We arrived in Pender Harbour around 2, anchored pretty easily and launched the dinghy. The first mate noticed that the winch that launches and retrieves the dinghy wasn’t working quite correctly because the cable wasn’t spooling properly. For those familiar with sewing, it looked like a bad bobbin. So we spent some time fixing that little issue. After that, it was time to get our crabbing and fishing license and deploy the crab pot. This is something the first mate and head chef was very excited about. The Captain was less excited. But he likes to make the First Mate happy so we got our bait and headed just outside Pender Harbour to deploy the crab pot. Just as we selected our spot an eagle majestically flew very near us, swopped down next to the water and caught a fish in its talons. We like to think it was Mike Marshall’s eagle that watched us fish last year letting us know we picked a good spot.
On our way back to the True Love we stopped at the Painted Boat Resort for a cocktail and some yummy appetizers. Julie: they made this great stuff to serve crab that combined spinach and peanuts blended and molded and made into a jello to form a rectangle. Really very yummy, especially with the crab and so interesting to look at. We need to try it! We came back to the True Love for another lovely sunset. Stopping to watch the sunset quietly floating on the water is one of the magical parts of boating.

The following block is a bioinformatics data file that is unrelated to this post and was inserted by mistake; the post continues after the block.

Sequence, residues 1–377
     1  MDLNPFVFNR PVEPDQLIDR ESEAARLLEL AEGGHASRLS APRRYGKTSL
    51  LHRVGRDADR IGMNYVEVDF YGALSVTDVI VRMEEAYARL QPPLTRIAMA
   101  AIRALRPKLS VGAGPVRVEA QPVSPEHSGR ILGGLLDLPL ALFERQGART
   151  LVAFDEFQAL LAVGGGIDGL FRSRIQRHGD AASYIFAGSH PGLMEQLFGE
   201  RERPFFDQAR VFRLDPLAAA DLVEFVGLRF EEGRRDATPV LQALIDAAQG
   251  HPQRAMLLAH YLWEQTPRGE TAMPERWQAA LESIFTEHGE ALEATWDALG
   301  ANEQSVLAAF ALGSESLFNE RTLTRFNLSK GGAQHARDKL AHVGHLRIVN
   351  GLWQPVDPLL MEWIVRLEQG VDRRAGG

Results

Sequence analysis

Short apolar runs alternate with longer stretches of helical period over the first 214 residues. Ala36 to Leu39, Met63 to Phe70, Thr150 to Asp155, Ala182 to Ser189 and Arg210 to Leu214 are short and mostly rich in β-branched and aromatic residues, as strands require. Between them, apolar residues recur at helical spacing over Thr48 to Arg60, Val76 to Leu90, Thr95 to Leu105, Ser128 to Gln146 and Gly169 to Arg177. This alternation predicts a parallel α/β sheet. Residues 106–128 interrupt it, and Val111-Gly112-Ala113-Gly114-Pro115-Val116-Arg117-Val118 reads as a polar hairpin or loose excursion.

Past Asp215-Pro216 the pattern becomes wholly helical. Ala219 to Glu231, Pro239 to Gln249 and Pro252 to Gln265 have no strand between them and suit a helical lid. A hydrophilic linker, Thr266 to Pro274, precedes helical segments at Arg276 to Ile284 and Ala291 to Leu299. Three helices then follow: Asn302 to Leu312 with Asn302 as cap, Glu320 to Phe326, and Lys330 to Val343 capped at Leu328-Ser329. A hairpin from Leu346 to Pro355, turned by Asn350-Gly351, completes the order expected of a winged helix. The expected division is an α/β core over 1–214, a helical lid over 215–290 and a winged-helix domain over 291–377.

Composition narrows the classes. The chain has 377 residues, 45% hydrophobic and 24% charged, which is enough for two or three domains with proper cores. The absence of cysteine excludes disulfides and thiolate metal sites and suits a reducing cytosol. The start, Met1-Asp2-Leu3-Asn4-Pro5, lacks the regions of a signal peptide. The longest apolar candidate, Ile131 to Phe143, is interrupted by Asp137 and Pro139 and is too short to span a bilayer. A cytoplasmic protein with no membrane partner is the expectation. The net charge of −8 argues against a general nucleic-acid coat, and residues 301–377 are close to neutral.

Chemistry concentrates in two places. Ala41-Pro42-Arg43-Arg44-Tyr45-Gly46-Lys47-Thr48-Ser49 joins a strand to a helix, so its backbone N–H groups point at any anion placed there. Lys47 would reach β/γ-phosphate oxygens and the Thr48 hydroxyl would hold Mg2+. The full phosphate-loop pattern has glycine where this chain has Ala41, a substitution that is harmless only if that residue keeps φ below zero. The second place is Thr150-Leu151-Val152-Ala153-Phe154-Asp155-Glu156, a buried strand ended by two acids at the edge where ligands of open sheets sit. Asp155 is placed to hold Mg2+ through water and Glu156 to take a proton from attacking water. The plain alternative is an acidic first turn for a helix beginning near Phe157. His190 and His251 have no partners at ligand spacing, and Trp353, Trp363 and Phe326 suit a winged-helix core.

After we finish breakfast this morning and our blog we are going to head out to shore for a run and then we will check our crab pot. Our friends Jack and Ruth Halsell fly in to visit us this afternoon for a fun trip up to Princess Louisa Inlet. We can’t wait to have them aboard for some bridge and great adventure! After Jack and Ruth visit we will be joined by Simon James and Saul! They will join us for the trip out of Princess Louisa Inlet to Desolation Sound on Sunday and Monday
We will be back on line Monday. Although we may give you a quick crab pot update this afternoon!
We also want to wish the First Mate’s parents Sheila and George a Happy belated Anniversary!
Yours very truly,
The Captain and the First Mate of the True Love